Setting yourself up for success means preparing your environment to foster your new habit. Consider what modifications you can make to your environment to assist you with any habit you want to start.

Do you want to start recycling or decreasing food waste at home regularly? Make use of your leftover meals by placing designated recycling can next to your garbage can.

This holds in your social surroundings as well. Inform your housemates or family members about the new behaviors you’re trying to establish so they can support you.

Plan to Overcome Set Backs

While it may seem paradoxical to plan for failure when setting a goal, research has shown that anticipating difficulty and having an “if-then” plan in place can lead to success. Make a plan for what you’ll do if someone serves you bacon at breakfast if you’re trying to eat vegetarian.

If you make a mistake that you weren’t expecting, use it as an opportunity to rethink your strategy. Perhaps you can make another modification in your environment, or you simply require better tools and recommit to the practice.

When there is no deadline people tend to procrastinate

#8 Set Up Habit Cues

Small cues can be placed in your environment to either trigger or facilitate the execution of a habit.

Your surroundings, for example, have a significant impact on your habits. So, if you want to improve your eating habits, make it simple to consume healthy foods and difficult to eat unhealthy foods. Purging your pantry of junk food is a great way to do this.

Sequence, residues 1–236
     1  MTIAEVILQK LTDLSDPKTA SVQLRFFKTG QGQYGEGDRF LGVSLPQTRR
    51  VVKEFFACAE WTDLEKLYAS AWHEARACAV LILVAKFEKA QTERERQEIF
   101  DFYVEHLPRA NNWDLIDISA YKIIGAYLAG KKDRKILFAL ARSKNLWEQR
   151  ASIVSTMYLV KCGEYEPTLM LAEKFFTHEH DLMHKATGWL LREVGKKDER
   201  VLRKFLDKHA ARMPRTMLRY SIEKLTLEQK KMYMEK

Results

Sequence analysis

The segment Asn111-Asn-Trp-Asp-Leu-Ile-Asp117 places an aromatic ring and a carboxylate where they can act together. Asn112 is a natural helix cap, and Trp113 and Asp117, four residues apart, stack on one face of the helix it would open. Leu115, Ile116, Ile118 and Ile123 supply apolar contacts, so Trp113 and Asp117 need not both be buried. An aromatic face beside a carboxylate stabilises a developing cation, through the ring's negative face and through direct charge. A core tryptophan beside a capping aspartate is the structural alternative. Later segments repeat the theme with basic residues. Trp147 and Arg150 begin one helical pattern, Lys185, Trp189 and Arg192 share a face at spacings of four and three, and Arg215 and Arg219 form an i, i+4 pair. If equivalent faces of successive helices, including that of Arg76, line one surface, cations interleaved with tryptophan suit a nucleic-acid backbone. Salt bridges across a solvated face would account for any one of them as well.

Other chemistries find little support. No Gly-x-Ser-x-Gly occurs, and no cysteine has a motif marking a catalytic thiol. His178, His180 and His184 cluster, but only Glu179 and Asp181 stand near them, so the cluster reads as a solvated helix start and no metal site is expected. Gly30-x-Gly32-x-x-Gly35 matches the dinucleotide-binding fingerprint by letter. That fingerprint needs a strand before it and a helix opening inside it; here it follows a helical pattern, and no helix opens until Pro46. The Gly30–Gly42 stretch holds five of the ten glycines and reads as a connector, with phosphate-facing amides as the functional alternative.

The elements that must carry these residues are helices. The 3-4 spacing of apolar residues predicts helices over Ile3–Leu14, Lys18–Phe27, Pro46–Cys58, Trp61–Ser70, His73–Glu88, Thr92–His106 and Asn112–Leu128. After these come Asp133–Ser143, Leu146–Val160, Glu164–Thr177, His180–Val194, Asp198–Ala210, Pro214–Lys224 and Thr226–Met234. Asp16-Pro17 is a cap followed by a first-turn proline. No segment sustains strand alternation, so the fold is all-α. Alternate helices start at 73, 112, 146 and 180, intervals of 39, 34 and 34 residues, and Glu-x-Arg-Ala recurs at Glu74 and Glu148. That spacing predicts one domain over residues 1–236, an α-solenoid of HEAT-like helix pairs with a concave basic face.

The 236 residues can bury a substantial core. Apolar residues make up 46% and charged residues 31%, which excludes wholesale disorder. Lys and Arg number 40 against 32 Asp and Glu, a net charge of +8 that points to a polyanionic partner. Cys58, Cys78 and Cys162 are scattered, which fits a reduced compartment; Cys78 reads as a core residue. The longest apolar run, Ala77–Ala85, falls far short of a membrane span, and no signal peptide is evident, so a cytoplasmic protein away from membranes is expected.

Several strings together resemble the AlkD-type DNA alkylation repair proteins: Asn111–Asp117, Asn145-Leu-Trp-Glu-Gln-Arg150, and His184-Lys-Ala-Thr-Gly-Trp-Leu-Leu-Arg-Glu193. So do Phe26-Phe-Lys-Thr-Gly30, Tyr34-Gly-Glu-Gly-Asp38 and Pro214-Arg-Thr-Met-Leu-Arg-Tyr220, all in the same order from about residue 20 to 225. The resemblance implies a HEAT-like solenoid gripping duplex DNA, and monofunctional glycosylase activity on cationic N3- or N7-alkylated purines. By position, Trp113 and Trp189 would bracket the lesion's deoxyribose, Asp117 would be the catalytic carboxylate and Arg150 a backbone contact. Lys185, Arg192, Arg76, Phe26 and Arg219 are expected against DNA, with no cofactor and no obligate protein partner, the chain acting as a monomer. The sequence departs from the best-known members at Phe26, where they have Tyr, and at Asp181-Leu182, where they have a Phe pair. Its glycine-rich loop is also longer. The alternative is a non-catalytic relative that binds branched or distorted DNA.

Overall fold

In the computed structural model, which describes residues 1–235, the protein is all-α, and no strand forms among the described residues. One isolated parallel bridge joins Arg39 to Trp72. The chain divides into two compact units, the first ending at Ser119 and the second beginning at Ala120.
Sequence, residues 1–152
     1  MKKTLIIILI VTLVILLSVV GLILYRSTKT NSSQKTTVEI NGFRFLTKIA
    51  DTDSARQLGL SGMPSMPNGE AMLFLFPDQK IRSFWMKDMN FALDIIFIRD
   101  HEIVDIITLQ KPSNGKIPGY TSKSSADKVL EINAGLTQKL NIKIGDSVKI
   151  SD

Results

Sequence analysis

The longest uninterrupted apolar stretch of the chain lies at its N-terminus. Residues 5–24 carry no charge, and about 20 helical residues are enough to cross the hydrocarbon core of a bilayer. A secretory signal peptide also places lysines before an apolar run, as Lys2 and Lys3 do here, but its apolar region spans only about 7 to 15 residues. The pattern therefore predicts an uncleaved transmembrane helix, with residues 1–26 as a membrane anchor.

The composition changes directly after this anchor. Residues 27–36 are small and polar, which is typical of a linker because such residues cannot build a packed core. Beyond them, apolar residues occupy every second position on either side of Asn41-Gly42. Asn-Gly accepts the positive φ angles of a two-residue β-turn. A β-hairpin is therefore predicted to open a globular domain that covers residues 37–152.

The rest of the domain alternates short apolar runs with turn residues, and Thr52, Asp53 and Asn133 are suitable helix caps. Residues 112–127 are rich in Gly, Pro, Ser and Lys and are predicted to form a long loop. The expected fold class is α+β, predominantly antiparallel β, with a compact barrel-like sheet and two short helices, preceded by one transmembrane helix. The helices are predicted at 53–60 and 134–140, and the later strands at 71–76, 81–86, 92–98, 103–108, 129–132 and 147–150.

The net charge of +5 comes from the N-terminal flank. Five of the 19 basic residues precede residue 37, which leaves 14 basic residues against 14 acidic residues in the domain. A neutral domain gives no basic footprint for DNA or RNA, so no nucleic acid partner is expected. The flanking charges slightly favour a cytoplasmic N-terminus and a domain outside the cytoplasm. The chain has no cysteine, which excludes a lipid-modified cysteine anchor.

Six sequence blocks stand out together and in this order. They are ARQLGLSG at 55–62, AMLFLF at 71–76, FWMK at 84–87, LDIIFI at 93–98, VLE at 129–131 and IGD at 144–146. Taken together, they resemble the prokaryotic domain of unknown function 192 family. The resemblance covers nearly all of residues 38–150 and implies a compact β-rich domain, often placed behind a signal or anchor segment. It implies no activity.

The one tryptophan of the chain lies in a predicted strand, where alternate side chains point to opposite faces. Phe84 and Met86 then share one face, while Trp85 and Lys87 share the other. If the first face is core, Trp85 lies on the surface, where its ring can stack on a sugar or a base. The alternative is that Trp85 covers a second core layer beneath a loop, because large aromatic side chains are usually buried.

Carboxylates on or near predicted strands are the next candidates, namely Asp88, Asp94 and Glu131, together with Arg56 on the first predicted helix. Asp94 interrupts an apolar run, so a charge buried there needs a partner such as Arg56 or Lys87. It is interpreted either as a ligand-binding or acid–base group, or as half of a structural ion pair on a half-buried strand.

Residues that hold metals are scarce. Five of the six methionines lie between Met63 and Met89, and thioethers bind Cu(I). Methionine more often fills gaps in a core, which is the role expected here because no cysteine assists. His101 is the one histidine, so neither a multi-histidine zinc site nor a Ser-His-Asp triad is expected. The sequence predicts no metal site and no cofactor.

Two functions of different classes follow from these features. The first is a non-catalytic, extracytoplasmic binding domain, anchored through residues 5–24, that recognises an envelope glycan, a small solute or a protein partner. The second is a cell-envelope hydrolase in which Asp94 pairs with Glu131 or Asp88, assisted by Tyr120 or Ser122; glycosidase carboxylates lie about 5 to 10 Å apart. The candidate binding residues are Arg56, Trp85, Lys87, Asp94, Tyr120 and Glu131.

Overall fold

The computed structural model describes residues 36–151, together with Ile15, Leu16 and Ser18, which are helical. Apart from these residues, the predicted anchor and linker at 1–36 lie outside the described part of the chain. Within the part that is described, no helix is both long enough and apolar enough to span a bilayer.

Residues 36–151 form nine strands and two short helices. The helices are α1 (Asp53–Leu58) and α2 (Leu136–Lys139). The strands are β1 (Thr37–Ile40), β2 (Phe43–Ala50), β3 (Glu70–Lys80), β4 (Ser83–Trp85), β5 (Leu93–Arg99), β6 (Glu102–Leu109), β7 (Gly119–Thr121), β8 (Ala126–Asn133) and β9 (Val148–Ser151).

This is a solid start, but it just solves the “make it difficult to eat bad things” portion of the problem.

So you get rid of the nasty stuff. So, what’s next?

It’s a good idea to incorporate habit cues if you want to make it easier to eat healthy foods. Dean Bokhari gives some great examples of stacking up habit cues which he calls Habit ramps.

Setting up a Habit ramp(many cues) needs thorough planning and execution. In this phase, you’re relying on the environment to trigger you to perform a certain habit, in this case, your new habit. For example, suppose you want to set up an exercise routine you could set up cues as follows;

  1. Since I work out very early in the morning, I would sleep with my workout clothes on.
  2. Before going to bed, I would place a liter of water, and
  3. other supplements I need for my workout diet.
  4. I’d also keep my vitamins beside my bed.
  5. I would have already placed my gym bag at the door the previous night.
  6. I have already set up my workout routine when, so when I get to the gym I get right into the action.

When you have planned out your habit cues in a simple manner like the example above, you would be less mentally strained in figuring out what you intend to do.

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#9 Keep Track of Your Progress

Grab a calendar and mark a huge red “X” on each day you exercise if you’re trying to create an exercise habit. Maintain a notebook that details your eating habits, or track your progress with an app like MyFitnessPal, if you’re building the habit of eating healthier.

Some people succeed when they openly declare their goals—this is it, the stakes are on the ground. Involving people is another fantastic method to create new behaviors. This can be especially effective if you include individuals who share your goals.

If you want to start a new gym habit, having a gym partner to hold you accountable when you don’t feel like going can help. Maintain a notebook that details your eating habits, or track your progress with an app like MyFitnessPal, if you’re building the habit of eating healthier.